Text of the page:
Charlie thinks that a six comes up less often than the other numbers on the dice. Have a look at the results of the test his class did to see if he was right.

With access to weather station data, what interesting questions can you investigate?

Statistics problems at primary level that may require resilience.

This article for teachers describes an activity which encourages meaningful data collection, display and interpretation.

This problem explores the range of events in a sports day and which ones are the most popular and attract the most entries.

When Charlie retires, he's looking forward to the quiet life, whereas Alison wants a busy and exciting retirement. Can you advise them on where they should go?

Class 5 were looking at the first letter of each of their names. They created different charts to show this information. Can you work out which member of the class was away on that day?

This activity is based on data in the book 'If the World Were a Village'. How will you represent your chosen data for maximum effect?

Statistics problems for inquiring primary learners.

Build a mini eco-system, and collect and interpret data on how well the plants grow under different conditions.

Substitution and Transposition all in one! How fiendish can these codes get?

Investigate how avalanches occur and how they can be controlled

This problem offers you two ways to test reactions - use them to investigate your ideas about speeds of reaction.

Statistics problems for primary learners to work on with others.

How well can you estimate 10 seconds? Investigate with our timing tool.

Statistics problems at primary level that require careful consideration.

In the ancient city of Atlantis a solid rectangular object called a Zin was built in honour of the goddess Tina. Your task is to determine on which day of the week the obelisk was completed.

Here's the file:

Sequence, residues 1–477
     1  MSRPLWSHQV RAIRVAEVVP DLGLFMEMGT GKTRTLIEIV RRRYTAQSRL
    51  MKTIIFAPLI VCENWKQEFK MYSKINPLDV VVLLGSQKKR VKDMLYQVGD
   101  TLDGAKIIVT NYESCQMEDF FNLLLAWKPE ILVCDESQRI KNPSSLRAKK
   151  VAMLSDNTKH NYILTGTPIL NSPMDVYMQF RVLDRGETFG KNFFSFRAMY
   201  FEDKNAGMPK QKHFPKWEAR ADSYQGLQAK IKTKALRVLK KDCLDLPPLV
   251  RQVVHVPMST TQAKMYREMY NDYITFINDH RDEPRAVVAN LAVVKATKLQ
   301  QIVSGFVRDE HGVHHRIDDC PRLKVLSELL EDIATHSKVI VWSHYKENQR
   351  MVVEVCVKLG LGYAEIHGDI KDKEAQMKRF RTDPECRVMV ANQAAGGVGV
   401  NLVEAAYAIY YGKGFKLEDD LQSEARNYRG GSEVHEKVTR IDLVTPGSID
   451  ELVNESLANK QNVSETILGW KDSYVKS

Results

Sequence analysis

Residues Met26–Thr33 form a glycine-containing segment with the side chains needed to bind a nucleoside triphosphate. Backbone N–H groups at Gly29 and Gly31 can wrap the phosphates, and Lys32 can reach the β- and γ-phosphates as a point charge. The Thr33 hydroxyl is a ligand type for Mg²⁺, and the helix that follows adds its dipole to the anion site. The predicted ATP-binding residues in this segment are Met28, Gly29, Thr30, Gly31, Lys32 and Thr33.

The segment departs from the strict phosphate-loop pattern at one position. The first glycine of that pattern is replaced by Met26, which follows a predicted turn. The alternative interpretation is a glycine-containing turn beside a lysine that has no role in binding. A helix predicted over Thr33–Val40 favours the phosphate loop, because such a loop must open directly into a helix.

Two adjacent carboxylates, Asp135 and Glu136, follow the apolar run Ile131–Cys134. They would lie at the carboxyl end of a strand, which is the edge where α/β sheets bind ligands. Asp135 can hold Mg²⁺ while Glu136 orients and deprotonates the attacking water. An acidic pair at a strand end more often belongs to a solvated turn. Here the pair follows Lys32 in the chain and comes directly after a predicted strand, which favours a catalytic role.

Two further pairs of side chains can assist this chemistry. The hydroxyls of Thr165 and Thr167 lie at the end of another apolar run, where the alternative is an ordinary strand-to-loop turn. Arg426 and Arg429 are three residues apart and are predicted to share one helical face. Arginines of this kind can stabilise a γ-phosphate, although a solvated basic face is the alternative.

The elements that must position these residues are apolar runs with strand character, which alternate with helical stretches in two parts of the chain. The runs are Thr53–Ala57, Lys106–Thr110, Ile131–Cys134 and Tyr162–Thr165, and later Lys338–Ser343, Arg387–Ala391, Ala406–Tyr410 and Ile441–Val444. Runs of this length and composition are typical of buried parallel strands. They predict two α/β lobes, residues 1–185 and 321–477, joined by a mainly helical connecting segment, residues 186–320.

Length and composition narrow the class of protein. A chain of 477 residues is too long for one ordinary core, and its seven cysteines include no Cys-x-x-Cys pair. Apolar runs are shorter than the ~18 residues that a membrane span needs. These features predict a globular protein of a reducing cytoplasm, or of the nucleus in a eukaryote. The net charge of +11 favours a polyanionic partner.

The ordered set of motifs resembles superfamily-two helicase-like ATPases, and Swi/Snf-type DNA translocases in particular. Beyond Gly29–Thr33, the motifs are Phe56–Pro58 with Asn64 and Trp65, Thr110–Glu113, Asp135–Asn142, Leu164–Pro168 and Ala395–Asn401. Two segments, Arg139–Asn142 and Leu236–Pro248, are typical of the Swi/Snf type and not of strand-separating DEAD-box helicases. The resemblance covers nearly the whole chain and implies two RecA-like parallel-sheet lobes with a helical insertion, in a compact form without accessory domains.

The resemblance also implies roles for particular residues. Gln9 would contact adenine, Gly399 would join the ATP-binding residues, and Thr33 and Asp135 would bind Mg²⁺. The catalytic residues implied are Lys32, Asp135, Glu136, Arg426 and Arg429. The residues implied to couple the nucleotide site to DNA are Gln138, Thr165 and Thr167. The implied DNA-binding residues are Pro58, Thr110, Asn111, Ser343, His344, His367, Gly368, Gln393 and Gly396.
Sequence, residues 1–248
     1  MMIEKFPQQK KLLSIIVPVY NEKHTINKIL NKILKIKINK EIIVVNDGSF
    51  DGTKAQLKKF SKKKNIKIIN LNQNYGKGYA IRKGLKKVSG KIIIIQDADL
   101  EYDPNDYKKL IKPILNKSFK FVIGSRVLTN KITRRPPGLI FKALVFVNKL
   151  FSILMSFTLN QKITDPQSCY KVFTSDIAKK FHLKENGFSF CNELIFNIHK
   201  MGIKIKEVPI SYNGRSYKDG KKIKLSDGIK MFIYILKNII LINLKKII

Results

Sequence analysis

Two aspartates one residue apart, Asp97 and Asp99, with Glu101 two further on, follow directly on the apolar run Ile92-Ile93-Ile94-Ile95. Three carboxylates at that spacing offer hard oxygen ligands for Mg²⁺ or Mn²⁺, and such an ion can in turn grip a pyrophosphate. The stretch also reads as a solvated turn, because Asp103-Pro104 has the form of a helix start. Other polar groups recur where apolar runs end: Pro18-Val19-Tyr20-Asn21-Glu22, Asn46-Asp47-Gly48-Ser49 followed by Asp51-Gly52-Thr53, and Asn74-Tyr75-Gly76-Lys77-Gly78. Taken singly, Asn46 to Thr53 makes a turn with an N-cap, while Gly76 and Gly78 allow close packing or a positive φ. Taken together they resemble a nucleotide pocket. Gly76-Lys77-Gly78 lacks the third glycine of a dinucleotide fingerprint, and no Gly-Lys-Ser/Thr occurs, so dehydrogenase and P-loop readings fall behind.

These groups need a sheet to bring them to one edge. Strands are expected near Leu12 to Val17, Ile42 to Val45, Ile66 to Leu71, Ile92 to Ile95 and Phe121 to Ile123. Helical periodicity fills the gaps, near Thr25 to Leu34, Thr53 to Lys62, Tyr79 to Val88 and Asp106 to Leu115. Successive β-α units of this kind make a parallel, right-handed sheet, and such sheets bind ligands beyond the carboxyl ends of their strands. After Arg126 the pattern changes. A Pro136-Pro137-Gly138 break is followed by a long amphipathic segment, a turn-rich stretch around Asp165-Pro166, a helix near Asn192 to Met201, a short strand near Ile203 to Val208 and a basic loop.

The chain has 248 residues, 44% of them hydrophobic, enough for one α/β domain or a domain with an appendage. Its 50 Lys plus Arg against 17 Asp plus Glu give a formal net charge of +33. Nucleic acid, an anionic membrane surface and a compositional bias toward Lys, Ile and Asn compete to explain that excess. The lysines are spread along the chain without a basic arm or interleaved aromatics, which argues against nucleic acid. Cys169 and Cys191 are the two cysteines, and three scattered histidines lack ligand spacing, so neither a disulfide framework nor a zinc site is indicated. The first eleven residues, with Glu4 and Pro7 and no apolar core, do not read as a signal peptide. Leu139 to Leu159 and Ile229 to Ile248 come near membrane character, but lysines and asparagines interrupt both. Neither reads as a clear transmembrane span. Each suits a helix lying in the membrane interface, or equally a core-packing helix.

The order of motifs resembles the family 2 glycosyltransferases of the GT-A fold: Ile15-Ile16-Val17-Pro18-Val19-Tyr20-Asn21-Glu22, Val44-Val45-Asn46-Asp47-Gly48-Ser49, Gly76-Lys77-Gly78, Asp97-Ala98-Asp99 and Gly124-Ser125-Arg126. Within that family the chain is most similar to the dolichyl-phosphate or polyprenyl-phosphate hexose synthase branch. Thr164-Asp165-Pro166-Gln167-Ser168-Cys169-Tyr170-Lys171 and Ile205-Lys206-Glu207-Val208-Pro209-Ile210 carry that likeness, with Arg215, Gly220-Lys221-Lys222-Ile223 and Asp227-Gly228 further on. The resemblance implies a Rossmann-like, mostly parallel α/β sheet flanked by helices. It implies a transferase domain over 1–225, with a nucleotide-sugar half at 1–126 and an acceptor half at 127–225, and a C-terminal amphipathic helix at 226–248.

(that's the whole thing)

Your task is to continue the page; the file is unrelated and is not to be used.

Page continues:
Written for teachers, this article discusses mathematical representations and takes, in the second part of the article, examples of reception children's own representations.

Use the two sets of data to find out how many children there are in Classes 5, 6 and 7.

This article for teachers looks at some suggestions taken from the NRICH website that offer a broad view of data and ask some more probing questions about it.

In a league of 5 football teams which play in a round robin tournament show that it is possible for all five teams to be league leaders.

A maths-based Football World Cup simulation for teachers and students to use.

Here is the start of a six-part challenge. Can you get to the end and crack the final message?

Can you make sense of the charts and diagrams that are created and used by sports competitors, trainers and statisticians?

Which countries have the most naturally athletic populations?

Can you make sense of the charts and diagrams that are created and used by sports competitors, trainers and statisticians?

Find the frequency distribution for ordinary English, and use it to help you crack the code.

Use the information about the ducks on a particular farm to find out which of the statements about them must be true.

How can people be divided into groups fairly for events in the Paralympics, for school sports days, or for subject sets?

Design and test a paper helicopter. What is the best design?

Ideas for practical ways of representing data such as Venn and Carroll diagrams.

How does the time of dawn and dusk vary? What about the Moon, how does that change from night to night? Is the Sun always the same? Gather data to help you explore these questions.

Does a graph of the triangular numbers cross a graph of the six times table? If so, where? Will a graph of the square numbers cross the times table too?